JEFF ZUCKER CITES 'PROBLEMS WITH PRIME TIME'

Promax/BDA Gathering Assured Other NBC Assets in 'Fantastic Shape'

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NEW YORK (AdAge.com) -- Speaking to a crowd of TV promotions executives at this year’s Promax/BDA conference, Jeffrey Zucker, NBC Universal Television Group president, admitted it had been a “very tough” year for NBC, which lost 17% of its audience during the 2004-05 season.

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“We expected to suffer,” he told the annual gathering at the New York Marriot Marquis. “It was a little more than we expected to suffer. That’s OK, we can deal with it.”

Promax/BDA is a global association of senior executives, producers and designers involved in the creation of advertising, graphics and marketing materials for TV, radio and digital media in 60 countries.

Topic of discussion
The General Electric Co.-owned network was a topic of interest and discussion because it has dropped from first place to fourth in the much-coveted 18- to 49-year-old demographic.

NBC’s programming plans for the new season starting in September were not well received by advertisers, resulting in a drop in ad commitments of around $900 million, from $2.8 billion in 2004 to $1.9 billion this year. Mr. Zucker told the Promax audience that the tough experience was the price NBC was forced to pay after a decade on top. He added that the whole point of the merger with Vivendi Universal, which finalized last May, was to soften such blows. “The other assets are in fantastic shape; the cable entertainment and the theme park ... can help us withstand the current problems with prime time.”

The assets Mr. Zucker referred to include cable networks Bravo, Sci-Fi Channel and USA Network and five theme parks, including Universal Studios Hollywood and Universal Orlando.

Touting the fall offering
While offering congratulations to ABC on its strong comeback -- the network was previously in fourth place -- Mr. Zucker added that few people could have predicted the success of that networks hits, which included Desperate Housewives and Lost. Mr. Zucker plugged a number of NBC’s new shows, including My Name Is Earl, an offbeat comedy that is scheduled to air Tuesdays at 9 p.m. He also plugged producer Jerry Bruckheimer’s first military drama for NBC, E-Ring, starring Benjamin Bratt and Dennis Hopper.

On Joey, the sitcom that inherited Friends' coveted 8 p.m. Thursday slot, Mr. Zucker said: “Obviously we were disappointed against the expectations of it. ... It didn’t do as well as we’d hoped. It was good, it just wasn’t great. We hope it can continue to find its legs. There is still a lot of goodwill for that character.”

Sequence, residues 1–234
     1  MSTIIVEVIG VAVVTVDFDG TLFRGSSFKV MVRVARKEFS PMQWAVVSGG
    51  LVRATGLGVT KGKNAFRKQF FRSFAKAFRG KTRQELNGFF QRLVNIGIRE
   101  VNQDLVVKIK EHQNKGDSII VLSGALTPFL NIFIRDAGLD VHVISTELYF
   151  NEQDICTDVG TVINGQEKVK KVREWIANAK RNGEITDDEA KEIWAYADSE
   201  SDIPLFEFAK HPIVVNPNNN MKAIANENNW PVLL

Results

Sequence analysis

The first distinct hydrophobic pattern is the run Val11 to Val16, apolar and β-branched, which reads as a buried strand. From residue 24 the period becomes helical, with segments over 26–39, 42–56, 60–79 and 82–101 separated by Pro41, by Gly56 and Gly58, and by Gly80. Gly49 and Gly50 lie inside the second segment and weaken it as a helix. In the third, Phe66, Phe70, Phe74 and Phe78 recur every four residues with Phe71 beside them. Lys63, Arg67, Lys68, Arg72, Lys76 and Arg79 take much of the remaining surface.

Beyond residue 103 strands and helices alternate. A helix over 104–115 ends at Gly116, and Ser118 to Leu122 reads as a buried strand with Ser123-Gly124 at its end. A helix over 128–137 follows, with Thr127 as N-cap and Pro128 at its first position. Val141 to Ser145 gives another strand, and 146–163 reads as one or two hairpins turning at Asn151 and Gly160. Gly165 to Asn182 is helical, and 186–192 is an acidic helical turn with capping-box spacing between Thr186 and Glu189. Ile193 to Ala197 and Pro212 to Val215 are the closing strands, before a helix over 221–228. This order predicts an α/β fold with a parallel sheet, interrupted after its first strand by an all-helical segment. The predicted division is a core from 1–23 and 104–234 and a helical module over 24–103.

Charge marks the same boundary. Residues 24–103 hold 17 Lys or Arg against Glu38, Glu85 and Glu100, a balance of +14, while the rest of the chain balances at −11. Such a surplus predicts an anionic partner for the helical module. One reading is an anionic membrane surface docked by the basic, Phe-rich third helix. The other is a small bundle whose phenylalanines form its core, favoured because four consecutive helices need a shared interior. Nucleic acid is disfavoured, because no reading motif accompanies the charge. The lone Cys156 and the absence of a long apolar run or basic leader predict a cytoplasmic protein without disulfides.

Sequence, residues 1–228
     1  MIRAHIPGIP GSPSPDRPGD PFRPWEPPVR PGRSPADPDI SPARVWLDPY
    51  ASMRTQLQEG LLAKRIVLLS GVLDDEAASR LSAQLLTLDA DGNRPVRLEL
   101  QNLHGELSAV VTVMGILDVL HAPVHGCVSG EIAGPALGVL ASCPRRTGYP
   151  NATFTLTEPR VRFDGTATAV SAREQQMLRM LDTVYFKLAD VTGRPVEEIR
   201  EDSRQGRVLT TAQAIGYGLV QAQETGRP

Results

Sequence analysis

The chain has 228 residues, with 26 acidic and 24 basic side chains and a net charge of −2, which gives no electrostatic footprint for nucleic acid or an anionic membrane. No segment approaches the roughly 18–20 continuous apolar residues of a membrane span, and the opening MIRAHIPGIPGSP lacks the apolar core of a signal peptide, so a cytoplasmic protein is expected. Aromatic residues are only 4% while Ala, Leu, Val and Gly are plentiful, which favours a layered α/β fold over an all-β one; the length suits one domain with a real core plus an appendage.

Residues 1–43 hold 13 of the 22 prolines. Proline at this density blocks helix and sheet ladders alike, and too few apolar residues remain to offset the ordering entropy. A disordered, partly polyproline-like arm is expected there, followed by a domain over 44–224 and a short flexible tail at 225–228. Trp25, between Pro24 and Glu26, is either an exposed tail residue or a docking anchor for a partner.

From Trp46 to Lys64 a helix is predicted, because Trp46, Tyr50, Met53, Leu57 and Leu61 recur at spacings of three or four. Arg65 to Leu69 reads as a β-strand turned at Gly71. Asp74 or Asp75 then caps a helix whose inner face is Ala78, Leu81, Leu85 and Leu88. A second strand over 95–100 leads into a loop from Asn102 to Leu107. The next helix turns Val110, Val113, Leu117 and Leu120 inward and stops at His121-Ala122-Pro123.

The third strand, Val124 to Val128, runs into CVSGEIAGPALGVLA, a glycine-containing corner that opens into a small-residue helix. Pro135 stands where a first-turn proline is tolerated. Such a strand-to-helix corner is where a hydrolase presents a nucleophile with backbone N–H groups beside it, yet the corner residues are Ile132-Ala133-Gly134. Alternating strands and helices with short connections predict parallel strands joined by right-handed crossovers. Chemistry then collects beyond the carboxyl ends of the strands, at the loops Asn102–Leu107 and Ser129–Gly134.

'Today' show resurgence
Turning to Today, NBC’s highly profitable morning news franchise, Mr. Zucker was frustrated that the media had not reported the program's ratings resurgence in recent weeks with the same enthusiasm as earlier stories about the shrinking gap between Today and its ABC rival Good Morning America, which runs a close second.

According to Nielsen Media Research numbers provided by NBC, the gap between the two shows was 45,000 viewers for the week of May 9. It has risen steadily every week since then to 538,000 for the week of June 6. Today's recent guests have been Prime Minister Tony Blair of the U.K., U.N. Secretary General Kofi Annan and Jennifer “Runaway Bride” Wilbanks, while ABC recently bagged Brad Pitt.

Addressing the ratings gap, Mr. Zucker said Today had not been produced “at the top of its game.” Former Today executive producer Tom Touchet was ousted a few months ago and replaced by Jim Bell, a former Olympic sports producer.

Sports coverage
With coverage of the National Football League returning to NBC, Mr. Zucker said: “Football delivers the audience year in year out. Sports is going to play a critical role as NBC Entertainment is in rebuilding phase.” Mr. Zucker also pointed out the Winter Olympics next year would also play a role in helping buoy the network.

Discussing new ways of delivering content, Mr. Zucker said there would be a need for original programming to drive new distribution platforms. “I log on to MSNBC.com to get my news before I turn on the TV or look at a paper or anything. That [new distribution platforms] is the single-biggest priority we have in front of us.”

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